“Most likely to succeed”

Is change in education most likely to succeed? We are such in a hurry to see it happen that we are ready to do almost anything and pay whatever may be needed to change education NOW!
Edtech entrepreneurs, policymakers, thought leaders share the same urgency –  for different reasons – to make change happen. We built over the years strong research evidence that demonstrate why and how change could happen. We got convinced that evidence was enough to engage teachers and principals in the change process. We forgot some basic questions: Why would they change, who would drive the change, what is the change about?
Designing the change is not an easy path. I asked my friend Yishay Mor a very naive question: how do you engage teachers into change? Remember, he said, “the first step in design is empathy”. Understanding who is your target audience, what are their needs, desires, fears, constraints. Finding them “where they are” and taking them to “where they want to go”.
Urgency makes us believe that “teachers are generically at school” and that it is more important to know “where we want them to go” than “where they want to go”.
Unfortunately designing the change has rules that are difficult to change and that we are prompt to forget. The first one is that “designing for anyone i.e. any teacher” is equivalent to “designing for no one”.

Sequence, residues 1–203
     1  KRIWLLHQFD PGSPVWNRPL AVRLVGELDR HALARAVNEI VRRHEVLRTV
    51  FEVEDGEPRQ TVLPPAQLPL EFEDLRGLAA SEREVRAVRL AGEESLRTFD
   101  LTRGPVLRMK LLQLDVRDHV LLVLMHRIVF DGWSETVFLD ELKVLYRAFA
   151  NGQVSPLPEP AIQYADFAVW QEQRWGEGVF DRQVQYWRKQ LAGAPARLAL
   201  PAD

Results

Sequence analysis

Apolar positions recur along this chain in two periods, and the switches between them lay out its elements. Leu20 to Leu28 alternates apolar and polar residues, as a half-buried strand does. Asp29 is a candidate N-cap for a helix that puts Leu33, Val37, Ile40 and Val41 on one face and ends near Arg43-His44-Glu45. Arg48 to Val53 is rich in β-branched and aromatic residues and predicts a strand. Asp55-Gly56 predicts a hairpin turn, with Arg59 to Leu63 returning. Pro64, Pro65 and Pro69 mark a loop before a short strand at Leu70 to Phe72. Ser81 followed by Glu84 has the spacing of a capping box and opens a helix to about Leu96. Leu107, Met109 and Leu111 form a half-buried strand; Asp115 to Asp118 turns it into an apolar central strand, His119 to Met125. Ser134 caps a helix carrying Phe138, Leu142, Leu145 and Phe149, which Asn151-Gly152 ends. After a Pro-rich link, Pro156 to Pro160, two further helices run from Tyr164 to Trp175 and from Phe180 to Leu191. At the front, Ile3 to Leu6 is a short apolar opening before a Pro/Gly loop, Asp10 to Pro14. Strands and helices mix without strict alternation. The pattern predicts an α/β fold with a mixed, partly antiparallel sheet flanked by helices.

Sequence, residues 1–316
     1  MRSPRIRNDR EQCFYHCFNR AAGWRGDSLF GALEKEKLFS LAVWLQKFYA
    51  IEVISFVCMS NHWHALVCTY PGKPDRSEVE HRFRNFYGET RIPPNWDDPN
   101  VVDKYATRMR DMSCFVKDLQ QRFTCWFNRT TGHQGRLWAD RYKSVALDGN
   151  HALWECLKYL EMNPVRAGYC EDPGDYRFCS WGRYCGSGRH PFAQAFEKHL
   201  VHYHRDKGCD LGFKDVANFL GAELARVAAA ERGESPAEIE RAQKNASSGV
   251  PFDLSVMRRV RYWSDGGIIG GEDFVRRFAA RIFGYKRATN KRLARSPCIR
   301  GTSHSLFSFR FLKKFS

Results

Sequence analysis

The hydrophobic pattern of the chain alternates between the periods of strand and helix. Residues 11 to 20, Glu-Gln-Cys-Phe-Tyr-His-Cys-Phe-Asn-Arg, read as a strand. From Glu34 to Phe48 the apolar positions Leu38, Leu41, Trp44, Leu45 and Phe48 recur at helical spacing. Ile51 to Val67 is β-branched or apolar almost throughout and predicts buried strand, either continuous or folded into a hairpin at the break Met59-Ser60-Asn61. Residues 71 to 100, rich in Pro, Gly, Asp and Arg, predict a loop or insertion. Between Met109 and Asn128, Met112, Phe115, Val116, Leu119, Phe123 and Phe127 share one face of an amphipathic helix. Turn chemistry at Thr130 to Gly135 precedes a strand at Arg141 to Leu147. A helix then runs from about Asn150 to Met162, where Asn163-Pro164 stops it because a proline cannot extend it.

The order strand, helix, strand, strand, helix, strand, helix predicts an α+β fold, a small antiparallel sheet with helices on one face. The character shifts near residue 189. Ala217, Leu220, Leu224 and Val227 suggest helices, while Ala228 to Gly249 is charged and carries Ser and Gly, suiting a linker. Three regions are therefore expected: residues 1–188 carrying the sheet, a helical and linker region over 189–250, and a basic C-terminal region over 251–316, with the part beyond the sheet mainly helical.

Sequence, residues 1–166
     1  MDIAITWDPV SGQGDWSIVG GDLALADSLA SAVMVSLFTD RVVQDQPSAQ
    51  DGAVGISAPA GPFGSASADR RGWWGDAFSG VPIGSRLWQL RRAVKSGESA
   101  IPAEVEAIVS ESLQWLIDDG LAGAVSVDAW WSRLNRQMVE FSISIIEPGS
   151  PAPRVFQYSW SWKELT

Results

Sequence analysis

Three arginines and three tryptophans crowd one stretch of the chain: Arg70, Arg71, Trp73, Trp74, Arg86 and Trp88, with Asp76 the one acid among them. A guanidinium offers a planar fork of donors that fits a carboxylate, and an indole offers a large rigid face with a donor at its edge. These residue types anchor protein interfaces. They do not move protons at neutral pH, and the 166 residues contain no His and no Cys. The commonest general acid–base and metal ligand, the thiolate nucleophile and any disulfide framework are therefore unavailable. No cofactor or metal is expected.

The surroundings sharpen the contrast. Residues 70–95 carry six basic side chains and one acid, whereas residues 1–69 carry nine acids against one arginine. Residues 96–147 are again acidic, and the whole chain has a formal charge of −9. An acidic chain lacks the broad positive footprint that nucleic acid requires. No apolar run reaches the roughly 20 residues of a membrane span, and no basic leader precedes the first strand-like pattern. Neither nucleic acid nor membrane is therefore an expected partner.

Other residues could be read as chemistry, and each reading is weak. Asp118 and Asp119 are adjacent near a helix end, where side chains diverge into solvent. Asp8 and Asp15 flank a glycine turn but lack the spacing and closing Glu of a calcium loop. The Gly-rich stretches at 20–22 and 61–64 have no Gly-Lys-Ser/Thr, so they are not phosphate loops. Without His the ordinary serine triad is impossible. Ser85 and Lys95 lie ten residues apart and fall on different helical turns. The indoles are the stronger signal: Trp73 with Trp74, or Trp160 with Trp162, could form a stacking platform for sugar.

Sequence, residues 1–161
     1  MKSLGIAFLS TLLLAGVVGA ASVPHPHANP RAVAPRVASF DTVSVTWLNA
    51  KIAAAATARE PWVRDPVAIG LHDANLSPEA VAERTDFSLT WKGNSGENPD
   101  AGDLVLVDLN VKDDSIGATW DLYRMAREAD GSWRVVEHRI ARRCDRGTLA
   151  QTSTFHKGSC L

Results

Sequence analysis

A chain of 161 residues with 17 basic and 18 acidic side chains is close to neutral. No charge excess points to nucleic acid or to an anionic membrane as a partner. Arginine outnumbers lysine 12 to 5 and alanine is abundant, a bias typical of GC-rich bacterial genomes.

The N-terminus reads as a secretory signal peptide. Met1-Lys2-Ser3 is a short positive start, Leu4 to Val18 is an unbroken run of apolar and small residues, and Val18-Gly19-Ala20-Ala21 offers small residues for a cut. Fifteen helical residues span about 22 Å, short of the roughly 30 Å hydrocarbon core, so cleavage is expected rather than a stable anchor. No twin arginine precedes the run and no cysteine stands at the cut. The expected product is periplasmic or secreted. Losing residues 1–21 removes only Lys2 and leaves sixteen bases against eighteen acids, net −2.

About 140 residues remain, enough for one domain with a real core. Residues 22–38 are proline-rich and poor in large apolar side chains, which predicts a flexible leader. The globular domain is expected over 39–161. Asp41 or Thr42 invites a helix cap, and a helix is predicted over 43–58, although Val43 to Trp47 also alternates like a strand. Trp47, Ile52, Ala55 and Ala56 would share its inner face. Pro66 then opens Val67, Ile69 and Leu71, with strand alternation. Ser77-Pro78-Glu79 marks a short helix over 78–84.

To make change in school most likely to succeed, we must take time to understand what are the concerns of the teachers, how do they learn, exchange, construct knowledge. We must build personas, empathy maps, force maps, transition matrices… that will best reflect what teachers are really into. We must identify their learning instruments: Do they meet? Use whatsapp groups? Facebook? Take courses? Register for MOOCs?
To do that, we must enter the schools, listen to teachers, co create the path with them. A new report on Evidence-informed teaching concluded that “most teachers were unlikely to be convinced by research evidence on its own: they needed to have this backed up by observing impact themselves or hearing trusted colleagues discuss how it had improved their practice and outcomes for young people”.
Teachers need informed debate from the inside. And there are multiple ways to initiate it: a documentary like “Most likely to succeed” can launch a debate as it has been proven in hundreds of schools all over the world. But debate only makes sense in a well-designed and timely framework addressing teacher’s attention, passion, information, knowledge, action, habit, identity.


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